If you’re following the Partners for Breakfast in the Classroom on Facebook (you are, aren’t you?!) you probably saw us share the Metz Culinary Management blog post about our recent media event in Erie, Pennsylvania, celebrating the expansion of breakfast-in-the-classroom to thirteen of Erie’s Public Schools.
Earlier in 2015 we sat down to chat with Jenny Johns, Assistant Foodservice Director with Metz; Johns spearheaded the effort to bring BIC to her students, and now that she has expanded the program into thirteen schools we wanted to know how the school year was going, and hear some of the highlights from the media event.
“We’re so excited because now all of the schools we had originally planned [to participate in BIC] are officially in the program,” said Jenny by phone. “We now have thirteen schools doing breakfast-in-the-classroom—a mix of K-8, K-5, and one [grade] 6-8 building.”
Although funding certainly made the process of implementation easier, it didn’t necessarily make the program an easy sell with every stakeholder. After the first wave of volunteer principals—those who offered to ‘go first’ with implementation—Johns had to set her sights on some of the more resistant individuals who weren’t quite as excited about the program. She was gratified when one by one, the principals said ‘yes’—and then became huge fans of BIC.
“Our last three schools just started on September 8, so it’s new to them, but of the ten schools that implemented [previously], every principal indicated that they absolutely loved the program and would recommend it to others,” said Johns. By surveying the principals at the end of the school year, Johns was able to gauge their response to the program and she plans to use her survey results (from principals, and teachers) to help tailor the program going forward.
As the implementation process moved forward, principals that had previously not been interested began warming up to the idea. Eventually she convinced all thirteen principals to participate—an ambitious goal she set at the outset, but one that Jenny privately thought she might not achieve.
“Certainly the high points were actually getting all the schools on board! I had that as a goal but in my mind I thought maybe thirteen was unattainable,” recollected Jenny. “So that in itself was phenomenal. One principal expressed that he didn’t understand [BIC], he didn’t think breakfast was broken, but after day one that principal was high-fiving me in the hallway. He was not at all interested, and then became a total convert.”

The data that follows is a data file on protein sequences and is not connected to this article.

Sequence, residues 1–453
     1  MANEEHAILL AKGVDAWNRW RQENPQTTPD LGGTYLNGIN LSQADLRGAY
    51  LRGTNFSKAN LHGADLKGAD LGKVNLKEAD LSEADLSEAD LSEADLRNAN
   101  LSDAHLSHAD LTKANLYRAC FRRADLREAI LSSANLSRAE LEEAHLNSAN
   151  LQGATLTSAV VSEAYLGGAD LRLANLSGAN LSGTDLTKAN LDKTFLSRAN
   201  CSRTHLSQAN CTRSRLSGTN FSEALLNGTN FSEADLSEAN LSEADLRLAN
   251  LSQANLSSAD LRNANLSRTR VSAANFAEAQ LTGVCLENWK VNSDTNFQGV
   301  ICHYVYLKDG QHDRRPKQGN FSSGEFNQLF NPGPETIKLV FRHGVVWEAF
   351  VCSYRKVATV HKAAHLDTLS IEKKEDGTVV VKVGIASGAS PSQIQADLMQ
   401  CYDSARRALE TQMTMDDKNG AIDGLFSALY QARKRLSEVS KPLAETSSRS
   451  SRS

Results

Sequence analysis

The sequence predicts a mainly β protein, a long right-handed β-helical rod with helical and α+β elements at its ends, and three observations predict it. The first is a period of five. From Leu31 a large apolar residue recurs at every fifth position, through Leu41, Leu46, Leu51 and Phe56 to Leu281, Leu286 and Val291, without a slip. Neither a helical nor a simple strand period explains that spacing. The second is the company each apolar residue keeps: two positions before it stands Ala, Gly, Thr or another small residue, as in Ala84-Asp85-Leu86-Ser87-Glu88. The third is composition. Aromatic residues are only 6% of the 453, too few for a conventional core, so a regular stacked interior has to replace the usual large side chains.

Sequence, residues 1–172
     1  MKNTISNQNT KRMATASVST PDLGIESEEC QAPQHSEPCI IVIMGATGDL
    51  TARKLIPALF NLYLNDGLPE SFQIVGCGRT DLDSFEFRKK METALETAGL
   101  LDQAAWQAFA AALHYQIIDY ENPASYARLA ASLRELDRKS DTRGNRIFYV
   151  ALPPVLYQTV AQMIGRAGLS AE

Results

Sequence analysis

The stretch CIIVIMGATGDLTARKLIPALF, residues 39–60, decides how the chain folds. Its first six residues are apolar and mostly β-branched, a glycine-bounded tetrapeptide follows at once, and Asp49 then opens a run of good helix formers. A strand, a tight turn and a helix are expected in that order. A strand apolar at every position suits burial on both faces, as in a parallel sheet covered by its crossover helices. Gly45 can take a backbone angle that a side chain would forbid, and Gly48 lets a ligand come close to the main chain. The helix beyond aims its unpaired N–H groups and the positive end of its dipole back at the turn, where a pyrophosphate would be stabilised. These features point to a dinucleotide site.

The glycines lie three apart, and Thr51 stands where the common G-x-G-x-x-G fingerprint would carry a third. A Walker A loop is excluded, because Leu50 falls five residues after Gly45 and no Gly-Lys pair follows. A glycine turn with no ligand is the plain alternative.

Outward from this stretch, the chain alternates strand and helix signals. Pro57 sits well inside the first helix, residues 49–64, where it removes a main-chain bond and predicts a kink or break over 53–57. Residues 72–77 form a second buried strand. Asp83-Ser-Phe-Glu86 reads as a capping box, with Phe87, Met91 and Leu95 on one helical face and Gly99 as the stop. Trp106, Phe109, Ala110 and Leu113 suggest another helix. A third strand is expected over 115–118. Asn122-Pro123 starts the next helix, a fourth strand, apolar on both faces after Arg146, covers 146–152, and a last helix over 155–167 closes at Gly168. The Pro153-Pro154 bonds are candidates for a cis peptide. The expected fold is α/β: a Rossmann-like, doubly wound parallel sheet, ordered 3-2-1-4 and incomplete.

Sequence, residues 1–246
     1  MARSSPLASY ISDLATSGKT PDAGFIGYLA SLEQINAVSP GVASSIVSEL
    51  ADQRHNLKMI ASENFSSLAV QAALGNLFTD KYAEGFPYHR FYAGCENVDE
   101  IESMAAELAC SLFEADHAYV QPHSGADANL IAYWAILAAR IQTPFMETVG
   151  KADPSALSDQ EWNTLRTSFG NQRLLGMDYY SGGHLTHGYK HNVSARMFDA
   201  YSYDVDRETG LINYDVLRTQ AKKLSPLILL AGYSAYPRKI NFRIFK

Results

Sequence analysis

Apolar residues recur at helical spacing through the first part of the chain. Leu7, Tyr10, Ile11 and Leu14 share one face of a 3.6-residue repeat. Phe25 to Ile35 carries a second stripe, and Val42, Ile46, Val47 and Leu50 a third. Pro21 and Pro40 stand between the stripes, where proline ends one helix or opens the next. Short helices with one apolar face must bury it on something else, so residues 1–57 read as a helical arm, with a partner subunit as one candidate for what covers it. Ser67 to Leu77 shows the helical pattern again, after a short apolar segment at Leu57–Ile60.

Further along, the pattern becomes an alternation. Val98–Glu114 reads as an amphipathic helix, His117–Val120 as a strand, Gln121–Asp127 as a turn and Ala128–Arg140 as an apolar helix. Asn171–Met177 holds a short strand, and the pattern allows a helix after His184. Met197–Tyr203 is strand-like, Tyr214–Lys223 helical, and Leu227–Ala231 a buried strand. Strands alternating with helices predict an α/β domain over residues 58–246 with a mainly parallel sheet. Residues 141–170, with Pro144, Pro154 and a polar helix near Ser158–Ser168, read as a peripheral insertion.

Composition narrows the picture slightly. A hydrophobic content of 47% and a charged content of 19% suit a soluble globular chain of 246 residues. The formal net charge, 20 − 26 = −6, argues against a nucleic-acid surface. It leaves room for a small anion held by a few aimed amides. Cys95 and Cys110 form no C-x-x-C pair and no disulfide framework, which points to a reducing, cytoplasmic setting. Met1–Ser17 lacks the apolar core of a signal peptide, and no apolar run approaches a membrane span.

Today Jenny’s principals talk about how BIC has helped reduce visits to the nurse’s office, quiet the hallways, and even fewer opportunities for conflict now that students aren’t congregating in the cafeteria.
“Before, all ages came in for breakfast, and there was always a chance for problems to stir, and when it did, it carried into the classroom,” said Johns. “One of the principals said that now the mornings start with calm, with quiet; it’s peaceful, the kids have a routine, and it’s a family-like setting.”
We often hear from stakeholders that breakfast-in-the-classroom has unintended or unanticipated positive outcomes, and Jenny shared an interesting one with us that a principal recently passed on to her.
“The principal at our 6-8 middle school said that breakfast-in-the-classroom has improved safety and management of the building. Now that all of the kids are in the classroom, it’s easier and more cost-effective to supervise them. That same principal also mentioned that in addition to saving the parents some money, the kids who used to come in for breakfast [in the cafeteria] no get to sleep a little longer at home because breakfast is served [in the classroom] now.”
The difference before-and-after BIC isn’t just anecdotal—participation has absolutely skyrocketed.
“In October 2013, when we had no children on BIC, we served 64,000 breakfasts,” explained Jenny. “This year in the same time period—adjusting for days, because 2013 had 22 serving days—we served 117,827 breakfasts. That is huge—it’s absolutely huge!”
Naturally there were other challenges to overcome—like storing and moving a semi-load of cereal every ten days!—but Jenny says that the program runs well as she continues to make tweaks to perfect the daily routine.
“The storage and handling of the cereal—I didn’t visualize what 60,000 breakfasts would look like! I thought of coolers, racks, carts, and bags—but storage, and equipment like a pallet jack for lifting—it’s a good problem to have, but it’s a problem!”
Going forward Johns hopes to enhance the program by adding menu items, and through fine-tuning to help teachers have the smoothest possible experience during BIC service. Adding nutrition education and increasing participation are also on Jenny’s list of goals. She credits the program’s success to strong stakeholder support and good communication within her district.
“I never in a million years thought my principals would be so supportive. One principal told me, ‘Jenny when they don’t eat they are hungry, they are angry, and they are agitated.’ And that’s it, right? The kids have to be ready to learn, and breakfast is an important part of that.”